Breaking the Silence of Lateral Violence in Nursing: A Change Model for Nursing Leadership

2.50
Hdl Handle:
http://hdl.handle.net/10755/148429
Type:
Presentation
Title:
Breaking the Silence of Lateral Violence in Nursing: A Change Model for Nursing Leadership
Abstract:
Breaking the Silence of Lateral Violence in Nursing: A Change Model for Nursing Leadership
Conference Sponsor:Sigma Theta Tau International
Conference Year:2009
Author:Melwak, Mary Alice, PhD, CPNP, CNS, CCRN
P.I. Institution Name:UCLA Healthcare, David Geffen School of Medicine
Title:Nurse Practitioner
[Scientific Session Presentation] Introduction: Lateral violence, or nurse to nurse violence, has received increased attention in the past few years and is acknowledged to be a continued source of stress facing the profession.  Silence surrounding this disturbing phenomenon endangers patient safety and increases the vulnerability of an already fragmented profession.Methods: This study used a descriptive mixed methods approach within a hospital-based cohort to examine a three phased leadership intervention initiative to reduce LV. A prospective mixed method quasi experimental design included pre and post-test examination of the degree of LV present in the unit. A nursing leadership team offered  multi-level, multifaceted interventions to reduce lateral violence levels.  A peer-reviewed questionnaire facilitated semi-structured interviews and focus groups on LV.  Organizational climate assessment was embedded in the instrument.  Qualitative analysis of focus groups and interviews revealed five major themes: 1) LV creates a toxic work environment; 2) LV varies in degree and effect from day to day; 3) LV equates with professional disrespect; 4)  LV deleteriously effects teamwork and 5) fear of retaliation. Results:  Nurse recognition of LV effect on teamwork was strongly associated with recognition of LV. Negative associations between LV degree and RN satisfaction level and retention and a positive relationship with recognition of effect on teamwork were present. Retention and staff satisfaction levels increased, and temporary staff levels were reduced to zero following implementation of interventions.  Qualitative data revealed improved levels of satisfaction, enhanced interpersonal relationships, and increased collaboration between team members.  Episodes of LV decreased, unit morale trended toward hopeful and positive.  As bullying decreased, staff participation levels in staff development activities increased.Conclusion: This paper has identified a multi-level leadership model to reduce LV in a critical care unit. A multifaceted, multi-level, evidence based leadership pathway reduced high LV levels and positively affected retention and nurse satisfaction.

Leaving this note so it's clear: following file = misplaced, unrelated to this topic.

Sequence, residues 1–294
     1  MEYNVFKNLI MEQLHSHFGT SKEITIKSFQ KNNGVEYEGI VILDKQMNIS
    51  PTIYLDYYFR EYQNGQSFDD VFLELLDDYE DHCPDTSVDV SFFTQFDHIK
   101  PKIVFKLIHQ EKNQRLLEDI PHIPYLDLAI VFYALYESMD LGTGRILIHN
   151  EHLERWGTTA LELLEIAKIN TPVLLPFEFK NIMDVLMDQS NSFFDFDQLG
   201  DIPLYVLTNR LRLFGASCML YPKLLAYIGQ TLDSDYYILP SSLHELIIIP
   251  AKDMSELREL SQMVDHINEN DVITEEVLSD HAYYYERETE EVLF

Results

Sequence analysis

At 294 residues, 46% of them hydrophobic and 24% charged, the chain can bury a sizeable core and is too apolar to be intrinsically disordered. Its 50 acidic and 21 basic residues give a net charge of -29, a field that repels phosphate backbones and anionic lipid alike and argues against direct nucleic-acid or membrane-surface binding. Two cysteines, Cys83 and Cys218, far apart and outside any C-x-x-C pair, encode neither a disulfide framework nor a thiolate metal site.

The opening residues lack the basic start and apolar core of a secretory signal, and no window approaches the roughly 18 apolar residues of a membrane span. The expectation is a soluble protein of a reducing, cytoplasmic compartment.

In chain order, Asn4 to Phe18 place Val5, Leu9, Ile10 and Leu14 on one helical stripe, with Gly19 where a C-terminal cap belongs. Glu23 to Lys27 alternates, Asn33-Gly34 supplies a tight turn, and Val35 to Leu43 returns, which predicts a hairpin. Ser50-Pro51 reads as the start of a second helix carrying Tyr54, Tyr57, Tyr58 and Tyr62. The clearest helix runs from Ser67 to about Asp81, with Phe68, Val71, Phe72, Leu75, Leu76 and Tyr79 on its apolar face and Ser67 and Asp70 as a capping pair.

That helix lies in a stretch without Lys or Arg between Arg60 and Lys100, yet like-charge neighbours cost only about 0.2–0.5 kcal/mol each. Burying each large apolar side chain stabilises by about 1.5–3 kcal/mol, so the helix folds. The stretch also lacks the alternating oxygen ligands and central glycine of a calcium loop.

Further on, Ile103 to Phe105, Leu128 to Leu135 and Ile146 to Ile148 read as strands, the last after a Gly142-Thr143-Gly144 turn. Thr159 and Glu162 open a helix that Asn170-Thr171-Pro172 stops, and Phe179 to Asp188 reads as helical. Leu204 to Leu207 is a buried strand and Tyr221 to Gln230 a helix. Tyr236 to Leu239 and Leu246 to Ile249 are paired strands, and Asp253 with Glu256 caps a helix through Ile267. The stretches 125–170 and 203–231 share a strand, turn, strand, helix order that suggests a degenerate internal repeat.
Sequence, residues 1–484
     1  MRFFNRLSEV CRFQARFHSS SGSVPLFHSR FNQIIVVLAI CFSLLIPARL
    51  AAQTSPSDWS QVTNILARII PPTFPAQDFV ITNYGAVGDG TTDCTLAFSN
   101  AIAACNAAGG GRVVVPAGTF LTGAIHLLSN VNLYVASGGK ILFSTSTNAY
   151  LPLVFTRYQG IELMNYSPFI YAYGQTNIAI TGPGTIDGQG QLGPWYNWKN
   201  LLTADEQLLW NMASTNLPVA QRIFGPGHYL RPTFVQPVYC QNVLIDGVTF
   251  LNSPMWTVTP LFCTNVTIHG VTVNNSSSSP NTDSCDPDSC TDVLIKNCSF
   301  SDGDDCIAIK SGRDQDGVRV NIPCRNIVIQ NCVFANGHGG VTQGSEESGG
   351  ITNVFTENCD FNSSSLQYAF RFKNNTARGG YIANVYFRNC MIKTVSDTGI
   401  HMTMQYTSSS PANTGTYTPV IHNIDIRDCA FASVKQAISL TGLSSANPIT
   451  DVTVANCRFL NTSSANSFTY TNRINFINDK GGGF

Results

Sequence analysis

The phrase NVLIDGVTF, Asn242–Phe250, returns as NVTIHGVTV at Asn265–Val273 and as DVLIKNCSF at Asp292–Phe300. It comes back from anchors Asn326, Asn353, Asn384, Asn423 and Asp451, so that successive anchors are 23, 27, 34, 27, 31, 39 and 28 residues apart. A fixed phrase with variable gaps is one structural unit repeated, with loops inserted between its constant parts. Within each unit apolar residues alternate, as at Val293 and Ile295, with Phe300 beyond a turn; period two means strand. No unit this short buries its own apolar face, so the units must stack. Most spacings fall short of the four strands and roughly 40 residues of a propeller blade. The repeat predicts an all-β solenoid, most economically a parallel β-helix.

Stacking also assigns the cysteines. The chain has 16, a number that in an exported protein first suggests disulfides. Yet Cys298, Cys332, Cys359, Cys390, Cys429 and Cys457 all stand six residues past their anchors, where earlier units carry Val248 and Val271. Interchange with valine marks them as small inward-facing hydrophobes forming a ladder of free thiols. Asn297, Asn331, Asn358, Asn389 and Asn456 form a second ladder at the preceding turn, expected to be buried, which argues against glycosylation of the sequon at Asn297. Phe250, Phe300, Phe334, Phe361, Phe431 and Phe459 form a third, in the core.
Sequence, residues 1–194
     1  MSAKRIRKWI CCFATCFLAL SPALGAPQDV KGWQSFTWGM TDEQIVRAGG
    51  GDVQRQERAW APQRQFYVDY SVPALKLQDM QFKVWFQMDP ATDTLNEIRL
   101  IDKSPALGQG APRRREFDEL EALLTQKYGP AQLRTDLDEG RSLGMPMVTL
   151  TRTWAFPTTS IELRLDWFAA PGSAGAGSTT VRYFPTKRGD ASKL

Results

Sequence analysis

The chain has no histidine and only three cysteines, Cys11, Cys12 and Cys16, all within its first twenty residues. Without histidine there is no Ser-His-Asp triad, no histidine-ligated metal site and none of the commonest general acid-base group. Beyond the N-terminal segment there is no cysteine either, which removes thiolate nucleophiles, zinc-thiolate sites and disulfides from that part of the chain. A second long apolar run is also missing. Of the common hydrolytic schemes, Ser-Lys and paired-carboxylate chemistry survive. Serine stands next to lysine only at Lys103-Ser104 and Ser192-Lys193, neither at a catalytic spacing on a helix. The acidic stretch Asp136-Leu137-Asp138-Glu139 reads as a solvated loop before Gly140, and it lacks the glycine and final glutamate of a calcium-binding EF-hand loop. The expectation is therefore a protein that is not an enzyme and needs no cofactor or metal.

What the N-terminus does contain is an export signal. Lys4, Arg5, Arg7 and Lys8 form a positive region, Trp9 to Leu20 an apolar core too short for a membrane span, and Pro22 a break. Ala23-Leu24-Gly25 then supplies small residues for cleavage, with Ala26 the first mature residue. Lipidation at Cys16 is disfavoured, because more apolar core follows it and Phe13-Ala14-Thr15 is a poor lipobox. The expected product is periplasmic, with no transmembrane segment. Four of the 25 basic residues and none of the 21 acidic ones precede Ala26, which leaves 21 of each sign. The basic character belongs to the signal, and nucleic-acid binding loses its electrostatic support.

Repository Posting Date:
26-Oct-2011
Date of Publication:
17-Oct-2011
Sponsors:
Sigma Theta Tau International

Full metadata record

DC FieldValue Language
dc.typePresentationen_GB
dc.titleBreaking the Silence of Lateral Violence in Nursing: A Change Model for Nursing Leadershipen_GB
dc.identifier.urihttp://hdl.handle.net/10755/148429-